Allistair and Laurence Brown, owners of the Duncraggan and Primeston Beef Shorthorn studs, produced the 2018 Agricultural Research Council National Special Performance Beef Shorthorn bull. Mike Burgess visited the brothers’ farm near Alexandria in the Eastern Cape.
According to Allistair Brown, one of the reasons he and his brother, Laurence, chose the Shorthorn breed to enter the beef stud industry in 2003 was its decline in popularity in South Africa over the past few decades. This, says Allistair, is despite the Shorthorn’s genetic contribution to more than 40 breeds across the world, not least of all the Bonsmara.
“Because there are not many around in South Africa, we felt it was a quality breed we could take and go somewhere with,’’ he says. “We’re focusing on driving maternal traits, together with the complementary carcass traits associated with Shorthorns, while marketing the commercial advantages of the renowned heterosis offered by Shorthorns in crossbreeding programmes across the world.’’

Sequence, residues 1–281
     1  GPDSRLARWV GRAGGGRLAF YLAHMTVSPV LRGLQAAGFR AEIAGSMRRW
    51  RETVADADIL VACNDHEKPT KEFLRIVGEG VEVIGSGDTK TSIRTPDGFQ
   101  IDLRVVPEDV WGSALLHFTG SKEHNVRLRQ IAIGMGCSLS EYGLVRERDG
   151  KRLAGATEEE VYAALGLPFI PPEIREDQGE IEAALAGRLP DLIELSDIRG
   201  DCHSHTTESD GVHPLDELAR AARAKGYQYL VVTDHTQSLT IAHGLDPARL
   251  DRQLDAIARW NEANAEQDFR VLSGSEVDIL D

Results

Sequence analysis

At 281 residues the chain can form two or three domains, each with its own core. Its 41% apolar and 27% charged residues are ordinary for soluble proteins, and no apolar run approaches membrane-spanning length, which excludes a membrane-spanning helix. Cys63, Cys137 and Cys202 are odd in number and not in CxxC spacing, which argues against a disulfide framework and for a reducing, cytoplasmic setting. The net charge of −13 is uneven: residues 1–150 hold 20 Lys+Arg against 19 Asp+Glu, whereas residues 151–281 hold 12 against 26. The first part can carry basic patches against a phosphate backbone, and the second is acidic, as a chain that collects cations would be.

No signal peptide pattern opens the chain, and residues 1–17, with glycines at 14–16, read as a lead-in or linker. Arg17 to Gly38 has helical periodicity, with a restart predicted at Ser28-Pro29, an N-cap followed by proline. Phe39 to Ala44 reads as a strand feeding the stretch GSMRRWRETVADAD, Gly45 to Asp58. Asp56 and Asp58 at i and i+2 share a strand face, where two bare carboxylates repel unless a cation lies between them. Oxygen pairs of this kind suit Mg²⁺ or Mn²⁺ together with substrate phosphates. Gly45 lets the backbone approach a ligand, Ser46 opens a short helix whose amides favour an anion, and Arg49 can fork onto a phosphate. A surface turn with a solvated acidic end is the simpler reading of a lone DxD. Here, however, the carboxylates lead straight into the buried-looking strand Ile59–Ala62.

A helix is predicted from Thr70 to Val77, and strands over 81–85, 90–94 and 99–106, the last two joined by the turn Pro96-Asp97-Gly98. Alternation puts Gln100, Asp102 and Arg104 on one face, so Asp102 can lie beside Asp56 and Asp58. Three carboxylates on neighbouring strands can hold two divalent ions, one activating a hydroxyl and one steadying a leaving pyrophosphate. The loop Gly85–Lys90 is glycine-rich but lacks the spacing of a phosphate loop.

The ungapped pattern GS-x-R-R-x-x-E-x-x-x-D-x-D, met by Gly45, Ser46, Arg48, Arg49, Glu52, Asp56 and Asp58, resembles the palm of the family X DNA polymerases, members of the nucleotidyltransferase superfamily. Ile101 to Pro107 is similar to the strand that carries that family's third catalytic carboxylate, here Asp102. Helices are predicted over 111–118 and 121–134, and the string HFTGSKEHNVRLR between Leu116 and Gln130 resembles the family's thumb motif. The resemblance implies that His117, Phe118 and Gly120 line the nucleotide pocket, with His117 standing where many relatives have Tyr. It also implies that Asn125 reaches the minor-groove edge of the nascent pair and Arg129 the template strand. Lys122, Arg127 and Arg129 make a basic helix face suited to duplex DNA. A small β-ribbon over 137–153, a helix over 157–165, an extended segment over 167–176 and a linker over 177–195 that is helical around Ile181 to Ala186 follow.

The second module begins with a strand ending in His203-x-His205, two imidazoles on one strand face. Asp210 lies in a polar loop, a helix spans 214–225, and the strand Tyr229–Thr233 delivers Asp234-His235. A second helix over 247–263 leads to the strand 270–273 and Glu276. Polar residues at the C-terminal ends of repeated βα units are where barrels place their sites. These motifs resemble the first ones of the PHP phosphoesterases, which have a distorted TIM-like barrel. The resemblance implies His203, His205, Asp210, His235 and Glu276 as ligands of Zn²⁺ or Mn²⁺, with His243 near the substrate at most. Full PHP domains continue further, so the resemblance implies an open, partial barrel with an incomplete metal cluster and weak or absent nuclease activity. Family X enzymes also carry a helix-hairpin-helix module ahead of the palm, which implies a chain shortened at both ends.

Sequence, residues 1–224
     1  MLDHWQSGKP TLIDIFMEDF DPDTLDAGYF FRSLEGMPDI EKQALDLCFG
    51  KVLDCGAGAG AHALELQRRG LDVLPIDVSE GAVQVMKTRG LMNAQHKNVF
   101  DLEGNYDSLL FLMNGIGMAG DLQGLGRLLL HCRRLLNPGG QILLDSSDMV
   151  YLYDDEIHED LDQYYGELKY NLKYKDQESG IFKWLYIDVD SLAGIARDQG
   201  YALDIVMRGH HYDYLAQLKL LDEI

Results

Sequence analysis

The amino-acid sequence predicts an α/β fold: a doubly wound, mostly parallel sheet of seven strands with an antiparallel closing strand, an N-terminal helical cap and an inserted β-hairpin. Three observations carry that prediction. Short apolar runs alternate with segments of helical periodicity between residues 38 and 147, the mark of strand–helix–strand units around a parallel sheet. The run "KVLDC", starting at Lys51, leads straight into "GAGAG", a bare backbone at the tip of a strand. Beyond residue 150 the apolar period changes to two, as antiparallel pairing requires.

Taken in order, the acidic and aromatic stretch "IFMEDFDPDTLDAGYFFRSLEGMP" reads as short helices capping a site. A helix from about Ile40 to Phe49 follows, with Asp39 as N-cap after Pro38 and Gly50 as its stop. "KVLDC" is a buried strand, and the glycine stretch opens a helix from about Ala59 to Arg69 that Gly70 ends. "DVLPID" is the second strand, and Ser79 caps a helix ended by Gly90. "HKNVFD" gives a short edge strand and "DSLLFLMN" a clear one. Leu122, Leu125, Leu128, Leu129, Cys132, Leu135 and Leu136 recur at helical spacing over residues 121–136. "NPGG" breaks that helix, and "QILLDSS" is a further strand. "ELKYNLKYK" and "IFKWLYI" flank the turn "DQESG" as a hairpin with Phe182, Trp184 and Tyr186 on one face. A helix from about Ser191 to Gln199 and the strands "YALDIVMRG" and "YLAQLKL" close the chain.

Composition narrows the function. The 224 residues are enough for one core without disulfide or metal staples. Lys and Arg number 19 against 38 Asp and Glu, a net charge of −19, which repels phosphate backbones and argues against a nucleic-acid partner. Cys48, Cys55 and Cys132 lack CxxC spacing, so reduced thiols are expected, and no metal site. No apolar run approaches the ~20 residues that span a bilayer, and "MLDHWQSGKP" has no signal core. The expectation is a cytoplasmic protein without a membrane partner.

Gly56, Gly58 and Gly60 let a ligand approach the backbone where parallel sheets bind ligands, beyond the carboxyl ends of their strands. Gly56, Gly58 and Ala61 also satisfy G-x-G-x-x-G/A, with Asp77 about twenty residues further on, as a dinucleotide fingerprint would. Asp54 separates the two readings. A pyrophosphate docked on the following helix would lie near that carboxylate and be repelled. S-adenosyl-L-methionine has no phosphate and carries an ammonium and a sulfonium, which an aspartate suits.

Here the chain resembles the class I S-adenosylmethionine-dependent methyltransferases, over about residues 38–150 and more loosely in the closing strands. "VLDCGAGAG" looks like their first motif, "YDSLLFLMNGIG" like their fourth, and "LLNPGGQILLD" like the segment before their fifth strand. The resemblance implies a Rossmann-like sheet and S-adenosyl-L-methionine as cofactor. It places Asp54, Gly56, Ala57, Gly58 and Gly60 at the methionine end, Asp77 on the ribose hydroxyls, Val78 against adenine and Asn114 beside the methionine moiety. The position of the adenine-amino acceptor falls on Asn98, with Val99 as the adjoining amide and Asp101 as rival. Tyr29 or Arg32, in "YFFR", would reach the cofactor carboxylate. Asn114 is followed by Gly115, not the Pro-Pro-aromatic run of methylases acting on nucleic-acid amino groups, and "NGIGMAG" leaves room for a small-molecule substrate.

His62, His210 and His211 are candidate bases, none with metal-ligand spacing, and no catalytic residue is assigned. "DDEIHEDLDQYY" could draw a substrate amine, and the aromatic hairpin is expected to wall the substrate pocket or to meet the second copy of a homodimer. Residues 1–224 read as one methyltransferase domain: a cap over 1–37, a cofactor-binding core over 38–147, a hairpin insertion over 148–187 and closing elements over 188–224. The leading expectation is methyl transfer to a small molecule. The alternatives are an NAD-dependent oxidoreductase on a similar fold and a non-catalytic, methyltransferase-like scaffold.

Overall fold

THE BEEF SHORTHORN
The Brown brothers, who grew up on a livestock farm near Cathcart in the Eastern Cape, inherited some Hereford and Braford-type animals in the early 2000s from their father, who was scaling back his farming operation. They ran them in the Cathcart and Queenstown districts, a venture that proved to be the platform for their future Beef Shorthorn initiative.
In the meantime, they conducted research on the breed, which included reading the works of Prof Jan Bonsma and Laurence Lasater, that confirmed the British breed’s global reach and rich history in South Africa since the mid-1800s.
In 2003, they committed to the British breed, and from the very beginning, made it their strategy to purchase as many South African Beef Shorthorn dam lines as possible (a large proportion from dispersal sales). They then used them in a timed artificial insemination (TAI) programme, with semen sourced from Ireland, Australia, the US and Canada.
In 2009, the brothers relocated their cattle to the 236ha former dairy farm of Forest Glade near Alexandria, an area notorious for its virulent heartwater, redwater and gallsickness, and soon calved 41 cows and heifers.
Today, Forest Glade is home to not one, but two studs owned by the Browns, amounting to 120 registered females. Between three and six bulls are sold a year to mostly commercial farmers (a top price of R44 000 has been achieved) for use in crossbreeding programmes.
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June 7, 2019